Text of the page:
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Latest Aquatic insects Stories

2010-06-04 13:32:57

The number of native fish and aquatic insects, especially those that are pollution sensitive, declines in urban and suburban streams at low levels of development "” levels often considered protective for stream communities, according to a new study by the U.S. Geological Survey. "When the area of driveways, parking lots, streets and other impervious cover reaches 10 percent of a watershed area, many types of pollution sensitive aquatic insects decline by as much as one third, compared...

2009-01-08 12:59:46

Insects mistake buildings, cars and even roads for water, laying eggs that will never hatch and jeopardizing ecosystems, a U.S. university researcher said. These ecological traps are caused by polarized light reflecting from windows, asphalt roads -- even plastic sheets and oil spills, Michigan State University research associate Bruce Robertson said. To some species, the light creates an appearance that mimics the surface of the water, which the insects use to breed and feed, he and...

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2009-01-07 09:56:47

'Ecological traps' cause animal behaviors that can lead to death Human-made light sources can alter natural light cycles, causing animals that rely on light cues to make mistakes when moving through their environment. In the journal Frontiers in Ecology and the Environment, a collaboration of ecologists, biologists and biophysicists has now shown that in addition to direct light, cues from polarized light can trigger animal behaviors leading to injury and often death. Artificial light that...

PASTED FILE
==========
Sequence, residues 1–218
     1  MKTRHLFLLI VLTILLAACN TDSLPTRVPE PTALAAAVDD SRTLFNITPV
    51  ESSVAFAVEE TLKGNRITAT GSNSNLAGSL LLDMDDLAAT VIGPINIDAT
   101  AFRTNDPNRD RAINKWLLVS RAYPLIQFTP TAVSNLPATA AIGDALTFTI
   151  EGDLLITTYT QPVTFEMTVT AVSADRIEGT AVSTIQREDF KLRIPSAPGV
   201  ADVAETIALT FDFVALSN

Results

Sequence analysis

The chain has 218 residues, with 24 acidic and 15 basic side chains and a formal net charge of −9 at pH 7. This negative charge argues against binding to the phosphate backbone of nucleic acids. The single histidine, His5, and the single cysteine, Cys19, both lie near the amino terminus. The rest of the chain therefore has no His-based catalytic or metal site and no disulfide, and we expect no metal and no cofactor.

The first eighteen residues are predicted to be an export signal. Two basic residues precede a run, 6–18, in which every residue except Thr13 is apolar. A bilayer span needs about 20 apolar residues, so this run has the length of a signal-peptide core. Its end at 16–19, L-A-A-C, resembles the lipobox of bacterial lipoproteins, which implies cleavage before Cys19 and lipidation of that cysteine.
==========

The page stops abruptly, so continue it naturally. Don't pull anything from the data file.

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2008-08-02 12:30:00

Research shows how insects use trapped oxygen to breathe underwater Hundreds of insect species spend much of their time underwater, where food may be more plentiful. MIT mathematicians have now figured out exactly how those insects breathe underwater. By virtue of their rough, water-repellent coat, when submerged these insects trap a thin layer of air on their bodies. These bubbles not only serve as a finite oxygen store, but also allow the insects to absorb oxygen from the surrounding...


Latest Aquatic insects Reference Libraries

Gray Sanddragon, Progomphus borealis
2013-07-11 13:32:30

The gray sanddragon (Progomphus borealis) is a species of dragonfly that can be found in many areas including Arizona, California, Idaho, Texas, New Mexico, Washington, and the U.S. Virgin Islands. This species prefers a habitat near streams and rivers in desert climates. It is typically seen between the months of June and September, but it can also be seen between April and October. Adult gray sanddragons reach an average body length between 2.2 and 2.4 inches, while its nymphs or larvae...

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